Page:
The Wooden Fish

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Wenxuan Cao (text), and Yanling Gong (illustrator), The Wooden FishStarfish Bay Publishing, August 2019, 48 pp., RRP $24.99 (hbk), ISBN 9781760360641

This is a picture book I will confidently highly recommend. The themes of loneliness, struggle and journey to life’s purpose are beautifully represented in this personified lone post. With striking imagery and evocative illustrations, The Wooden Fish is a must have for both the classroom library and the bedroom bookshelf. 

A solitary post, a remnant of an unfinished bridge, personified to mourn the loss of its life’s purpose desperately yearns for companionship.  The wooden post has no choice but to wait and wait for others like itself, a seemingly hopeless endeavour. When an egret uses the post for a resting station and a singing fisherman as a mooring pole for an overnight break, the wooden post dismisses its soiled and painfully scratched surface and revels in finally having a purpose and a friend. But the egret flies away and the fisherman sails on. It is a bored shepherd boy with poor aim and fierce determination to strike the post in target practice that brings longer lasting joy to the wooden post. His daily visits too, however, come to an end when the shepherd boy finally hits his target regularly. It takes a disaster for the wooden post to ultimately be released from its solitary confinement and find fulfillment.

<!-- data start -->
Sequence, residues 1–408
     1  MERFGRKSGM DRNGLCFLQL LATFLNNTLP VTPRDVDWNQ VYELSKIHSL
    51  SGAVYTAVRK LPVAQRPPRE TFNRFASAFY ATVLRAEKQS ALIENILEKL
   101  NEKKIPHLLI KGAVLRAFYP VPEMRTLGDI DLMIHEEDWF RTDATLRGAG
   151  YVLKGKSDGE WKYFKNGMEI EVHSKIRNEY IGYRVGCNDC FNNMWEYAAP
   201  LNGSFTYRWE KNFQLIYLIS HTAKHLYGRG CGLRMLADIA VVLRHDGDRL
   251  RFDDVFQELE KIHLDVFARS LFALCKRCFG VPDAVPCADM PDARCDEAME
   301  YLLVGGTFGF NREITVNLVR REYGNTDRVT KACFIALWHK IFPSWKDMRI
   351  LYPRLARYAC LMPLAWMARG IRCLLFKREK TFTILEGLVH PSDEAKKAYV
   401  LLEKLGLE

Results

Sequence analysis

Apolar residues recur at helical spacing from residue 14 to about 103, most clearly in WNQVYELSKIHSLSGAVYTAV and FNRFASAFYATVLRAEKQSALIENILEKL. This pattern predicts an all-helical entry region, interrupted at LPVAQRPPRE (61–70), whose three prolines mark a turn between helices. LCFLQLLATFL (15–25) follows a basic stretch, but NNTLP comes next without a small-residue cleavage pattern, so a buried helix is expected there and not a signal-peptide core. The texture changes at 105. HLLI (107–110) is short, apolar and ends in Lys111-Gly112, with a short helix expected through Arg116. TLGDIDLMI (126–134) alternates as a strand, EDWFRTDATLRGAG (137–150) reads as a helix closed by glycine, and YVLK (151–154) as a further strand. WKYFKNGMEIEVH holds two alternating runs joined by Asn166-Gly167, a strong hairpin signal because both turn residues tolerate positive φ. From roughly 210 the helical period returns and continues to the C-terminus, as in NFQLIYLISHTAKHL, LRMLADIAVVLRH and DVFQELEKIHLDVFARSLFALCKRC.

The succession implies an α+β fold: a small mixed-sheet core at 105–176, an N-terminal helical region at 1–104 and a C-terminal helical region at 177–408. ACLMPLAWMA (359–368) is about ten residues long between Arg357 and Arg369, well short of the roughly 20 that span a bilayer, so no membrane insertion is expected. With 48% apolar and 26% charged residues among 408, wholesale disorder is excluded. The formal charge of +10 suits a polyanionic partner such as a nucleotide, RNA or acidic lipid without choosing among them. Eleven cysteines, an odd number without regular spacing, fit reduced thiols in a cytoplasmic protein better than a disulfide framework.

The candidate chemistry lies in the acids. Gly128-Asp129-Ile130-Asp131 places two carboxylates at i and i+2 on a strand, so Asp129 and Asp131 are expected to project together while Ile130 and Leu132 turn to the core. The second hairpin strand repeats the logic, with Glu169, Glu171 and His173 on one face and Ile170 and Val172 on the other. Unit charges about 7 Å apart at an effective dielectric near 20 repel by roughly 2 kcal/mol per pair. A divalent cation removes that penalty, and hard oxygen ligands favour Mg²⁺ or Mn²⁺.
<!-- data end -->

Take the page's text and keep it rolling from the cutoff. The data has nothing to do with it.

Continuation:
I thoroughly enjoyed the idea of a bridge unfinished and a single post left behind awaiting something that will never come. The imagery in itself is poignant yet the post never loses hope that one day it will leave loneliness behind. The references to struggle throughout the story highlight the dichotomy of poignancy and hope, “the wooden post felt pain, yet it was full of happiness”. The message that struggle and hope are both integral in gaining fulfillment is a thread beautifully woven throughout this story. 

The pictures are in perfect harmony with the story, both dark and desolate and light and hopeful. They have a wavy, flowing quality and encompass whole double page spreads that suit the river scene beautifully. I particularly liked the final image of so many ‘wooden fish’ swimming down river.  

It is no wonder that the author, Wenxuan Cao was the first Chinese author to receive the Hans Christian Andersen Award.  

I highly recommend this book for readers aged 8-12, for their enjoyment and as a starting point to discuss interesting themes. 

Reviewed by Katie Mineeff 

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